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You say I know a lot? No. Actually, I don’t know anything

“You know a lot,” one participant told me after a recent presentation about the challenges of social and cultural integration. Obviously, that person is wrong in his appreciation of my knowledge and, after expressing sincere gratitude for his words, I told him so.

“Thank you very much,” I said, “but no, I don’t know much.” At best, I learned a few things before others did it and now, I can now share them.

I should have added "But knowing, no, I don’t know anything." This is not an ostentatious and irreverent repetition of what Socrates once said. In my case, my knowledge is so small that the oracle of Delphi would never even pay attention to me.

If we are going to talk about people not only knowledgeable about endless topics, but at the same time imbued with profound wisdom, then we should talk about my mentor, who for a decade guided me during my studies in philosophy. His patience with me was even greater than his knowledge.

In addition to writing countless books and articles and belonging to numerous academies, my mentor had completed five doctorates in different specialties, always related to humanities. Compared to him, with his exquisite mastery of several ancient and modern languages, with his authority in speaking, with his impeccable reasoning, I know nothing.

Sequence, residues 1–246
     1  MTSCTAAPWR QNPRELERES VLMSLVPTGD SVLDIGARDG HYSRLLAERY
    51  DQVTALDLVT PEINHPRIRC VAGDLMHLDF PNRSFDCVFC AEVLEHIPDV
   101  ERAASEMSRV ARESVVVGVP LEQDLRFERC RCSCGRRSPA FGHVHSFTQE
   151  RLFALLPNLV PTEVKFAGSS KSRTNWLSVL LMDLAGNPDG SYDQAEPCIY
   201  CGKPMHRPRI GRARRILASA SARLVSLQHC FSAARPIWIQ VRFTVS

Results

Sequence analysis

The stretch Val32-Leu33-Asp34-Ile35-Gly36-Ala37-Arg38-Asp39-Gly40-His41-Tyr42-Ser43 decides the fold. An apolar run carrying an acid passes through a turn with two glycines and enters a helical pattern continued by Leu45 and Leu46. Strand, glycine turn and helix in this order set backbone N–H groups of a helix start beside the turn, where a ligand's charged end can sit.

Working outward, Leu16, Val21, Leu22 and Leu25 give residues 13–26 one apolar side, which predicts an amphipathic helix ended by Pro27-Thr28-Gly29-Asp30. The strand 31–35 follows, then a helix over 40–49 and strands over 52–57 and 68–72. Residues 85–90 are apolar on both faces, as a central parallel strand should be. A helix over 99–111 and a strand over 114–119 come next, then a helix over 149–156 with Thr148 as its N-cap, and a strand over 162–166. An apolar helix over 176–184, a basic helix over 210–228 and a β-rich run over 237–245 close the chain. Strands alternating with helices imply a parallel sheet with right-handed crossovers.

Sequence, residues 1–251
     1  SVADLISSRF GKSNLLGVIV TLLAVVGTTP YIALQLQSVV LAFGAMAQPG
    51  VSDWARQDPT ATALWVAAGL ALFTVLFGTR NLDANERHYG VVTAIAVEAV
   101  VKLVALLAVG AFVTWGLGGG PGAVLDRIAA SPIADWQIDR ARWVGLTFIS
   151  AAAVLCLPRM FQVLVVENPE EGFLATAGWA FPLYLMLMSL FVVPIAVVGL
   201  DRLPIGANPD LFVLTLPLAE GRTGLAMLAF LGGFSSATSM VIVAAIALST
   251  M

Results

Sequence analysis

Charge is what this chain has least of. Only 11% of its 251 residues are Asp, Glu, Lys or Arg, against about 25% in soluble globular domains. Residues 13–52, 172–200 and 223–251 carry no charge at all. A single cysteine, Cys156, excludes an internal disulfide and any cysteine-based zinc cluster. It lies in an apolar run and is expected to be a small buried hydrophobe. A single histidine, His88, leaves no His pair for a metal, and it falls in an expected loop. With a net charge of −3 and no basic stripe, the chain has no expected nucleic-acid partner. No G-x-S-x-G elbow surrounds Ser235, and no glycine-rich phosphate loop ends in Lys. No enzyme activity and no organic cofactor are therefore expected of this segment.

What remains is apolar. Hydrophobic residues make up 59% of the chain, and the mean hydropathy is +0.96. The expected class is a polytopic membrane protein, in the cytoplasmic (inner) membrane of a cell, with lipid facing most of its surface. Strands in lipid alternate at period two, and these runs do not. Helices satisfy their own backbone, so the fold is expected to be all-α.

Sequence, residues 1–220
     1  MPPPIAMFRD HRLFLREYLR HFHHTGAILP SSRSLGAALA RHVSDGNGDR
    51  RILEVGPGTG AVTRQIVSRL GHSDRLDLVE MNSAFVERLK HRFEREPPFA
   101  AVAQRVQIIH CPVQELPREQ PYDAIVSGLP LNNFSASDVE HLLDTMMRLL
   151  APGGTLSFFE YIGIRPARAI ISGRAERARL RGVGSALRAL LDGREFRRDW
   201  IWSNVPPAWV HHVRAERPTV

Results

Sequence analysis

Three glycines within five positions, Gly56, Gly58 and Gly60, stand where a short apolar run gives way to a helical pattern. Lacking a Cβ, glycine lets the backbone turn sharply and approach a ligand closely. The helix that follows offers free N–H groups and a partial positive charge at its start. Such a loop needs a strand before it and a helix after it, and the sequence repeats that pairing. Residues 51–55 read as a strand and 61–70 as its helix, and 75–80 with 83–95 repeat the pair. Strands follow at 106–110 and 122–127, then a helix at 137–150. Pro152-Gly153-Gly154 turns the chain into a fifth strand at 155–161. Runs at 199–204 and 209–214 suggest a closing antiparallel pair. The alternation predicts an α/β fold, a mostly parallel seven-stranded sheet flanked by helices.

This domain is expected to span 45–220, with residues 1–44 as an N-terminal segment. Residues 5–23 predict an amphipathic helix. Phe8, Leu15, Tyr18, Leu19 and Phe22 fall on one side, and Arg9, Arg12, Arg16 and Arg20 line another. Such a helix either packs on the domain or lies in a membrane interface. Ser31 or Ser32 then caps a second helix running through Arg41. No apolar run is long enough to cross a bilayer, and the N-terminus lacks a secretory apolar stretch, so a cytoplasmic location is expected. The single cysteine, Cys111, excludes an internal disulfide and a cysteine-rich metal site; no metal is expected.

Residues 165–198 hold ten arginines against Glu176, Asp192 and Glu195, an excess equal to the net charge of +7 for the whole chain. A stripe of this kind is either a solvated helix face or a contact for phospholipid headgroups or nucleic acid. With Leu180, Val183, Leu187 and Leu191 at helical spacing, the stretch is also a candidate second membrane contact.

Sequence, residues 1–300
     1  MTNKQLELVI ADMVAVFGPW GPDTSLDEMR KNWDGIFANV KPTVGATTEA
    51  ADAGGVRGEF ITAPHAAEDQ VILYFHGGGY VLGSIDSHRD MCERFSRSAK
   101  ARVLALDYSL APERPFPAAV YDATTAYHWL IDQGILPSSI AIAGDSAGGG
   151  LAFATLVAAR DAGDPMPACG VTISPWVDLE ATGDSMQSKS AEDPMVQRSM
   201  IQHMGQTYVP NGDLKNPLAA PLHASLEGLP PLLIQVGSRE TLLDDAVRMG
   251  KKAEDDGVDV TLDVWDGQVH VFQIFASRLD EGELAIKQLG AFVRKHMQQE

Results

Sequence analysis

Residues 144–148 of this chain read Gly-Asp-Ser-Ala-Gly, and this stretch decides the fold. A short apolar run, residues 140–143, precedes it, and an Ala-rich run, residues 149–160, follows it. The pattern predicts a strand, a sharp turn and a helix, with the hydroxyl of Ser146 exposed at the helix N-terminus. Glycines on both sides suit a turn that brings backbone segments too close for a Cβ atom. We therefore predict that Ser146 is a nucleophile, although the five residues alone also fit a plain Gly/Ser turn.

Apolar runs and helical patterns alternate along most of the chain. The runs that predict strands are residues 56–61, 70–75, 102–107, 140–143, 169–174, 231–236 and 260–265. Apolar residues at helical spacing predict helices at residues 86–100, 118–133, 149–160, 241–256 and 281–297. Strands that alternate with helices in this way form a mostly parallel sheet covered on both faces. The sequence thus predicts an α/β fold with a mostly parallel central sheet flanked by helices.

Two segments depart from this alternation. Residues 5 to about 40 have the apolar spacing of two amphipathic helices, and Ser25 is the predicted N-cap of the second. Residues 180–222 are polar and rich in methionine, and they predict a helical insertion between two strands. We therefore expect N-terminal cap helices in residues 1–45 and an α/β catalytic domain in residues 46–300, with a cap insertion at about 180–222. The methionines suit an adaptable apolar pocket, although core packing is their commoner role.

And I could never compare myself to my professor of philosophy, with whom I had the privilege of having studied for several years in college. He, in turn, had studied in Germany with some of the most renowned European philosophers of the last century. And then he went back to teach to young, inexperienced, unprepared college students.

But it is not just about people from my past, but also about the present, for example, my daughter who is currently completing a doctorate at a prestigious university. Although I double her in age and have many more years of formal education than she has, I still don’t even remotely reach the knowledge that she already acquired.

Someone may say, and rightly so, that it is irrelevant to know how much my mentor and my teacher knew, or how much my daughter has learned, or, in fact, how little I know. And someone else, probably with the best intentions, will tell me that I should not compare myself with others, because I am who I am and that I should be grateful for what I have learned.

All that is true. But it is also true that there were many lessons that I should have learned, and I didn’t, and others that I should have learned before, but it took me too long to do it. In addition, many lessons I learned and forgot. And an infinite number of lessons I will never learn.

In conclusion, everything I do, say, share or teach is based more on my ignorance than on what others assume I know. In fact, my actions and words openly reveal my ignorance. The wise thing is to recognize it.

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